Rico Marley was arrested as he emerged from the bathroom at a Publix supermarket in Atlanta. He was wearing body armor and carrying six loaded weapons — four handguns in his jacket pockets, and in a guitar bag, a semiautomatic rifle and a 12-gauge shotgun.
Moments earlier, an Instacart delivery driver had alerted a store employee after seeing Mr. Marley in the bathroom, along with the AR-15-style rifle, which was propped against a wall. A grand jury indictment later described what had come next: “panic, terror and the evacuation of the Publix.”..
Mr. Marley’s arrest kicked off a long and as yet unresolved legal odyssey in which the criminal justice system waffled over what it could charge him with and whether to set him free. Clearly, visiting the grocery store with a trove of guns had frightened people. But was it illegal?..
In states with permissive gun laws, the police and prosecutors have limited tools at their disposal when a heavily armed individual’s mere presence in a public space sows fear or even panic.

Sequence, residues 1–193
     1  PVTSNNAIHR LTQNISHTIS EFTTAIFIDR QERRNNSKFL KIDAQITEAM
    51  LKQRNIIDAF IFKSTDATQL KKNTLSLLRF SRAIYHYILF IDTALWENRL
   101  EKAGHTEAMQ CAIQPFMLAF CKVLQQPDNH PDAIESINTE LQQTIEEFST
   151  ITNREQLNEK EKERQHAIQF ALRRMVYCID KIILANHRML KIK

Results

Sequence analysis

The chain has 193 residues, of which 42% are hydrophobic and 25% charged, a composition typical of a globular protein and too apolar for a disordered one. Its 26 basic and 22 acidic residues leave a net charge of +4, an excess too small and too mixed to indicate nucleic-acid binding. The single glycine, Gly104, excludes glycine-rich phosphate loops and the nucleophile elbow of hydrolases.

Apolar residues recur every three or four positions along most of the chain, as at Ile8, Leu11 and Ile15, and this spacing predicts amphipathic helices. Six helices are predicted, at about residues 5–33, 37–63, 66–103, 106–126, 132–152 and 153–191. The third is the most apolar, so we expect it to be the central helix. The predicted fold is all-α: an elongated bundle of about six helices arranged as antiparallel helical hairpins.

In situations like this, it can take only seconds before a heavily armed person begins shooting. Marley did not shoot anyone, but the outcome was different in a similar situation where the police elected not to act:
In 2015, a woman in Colorado Springs called 911 after seeing a man in her neighborhood with a gun. The dispatcher reportedly explained to her that Colorado was an open-carry state. Within minutes, the man went on a shooting spree, killing three people.
In states with permissive gun laws, police and prosecutors have limited tools at their disposal when a heavily armed individual sows fear or panic in public.
How should police handle these situations?
What limits should there be on carrying guns in public places?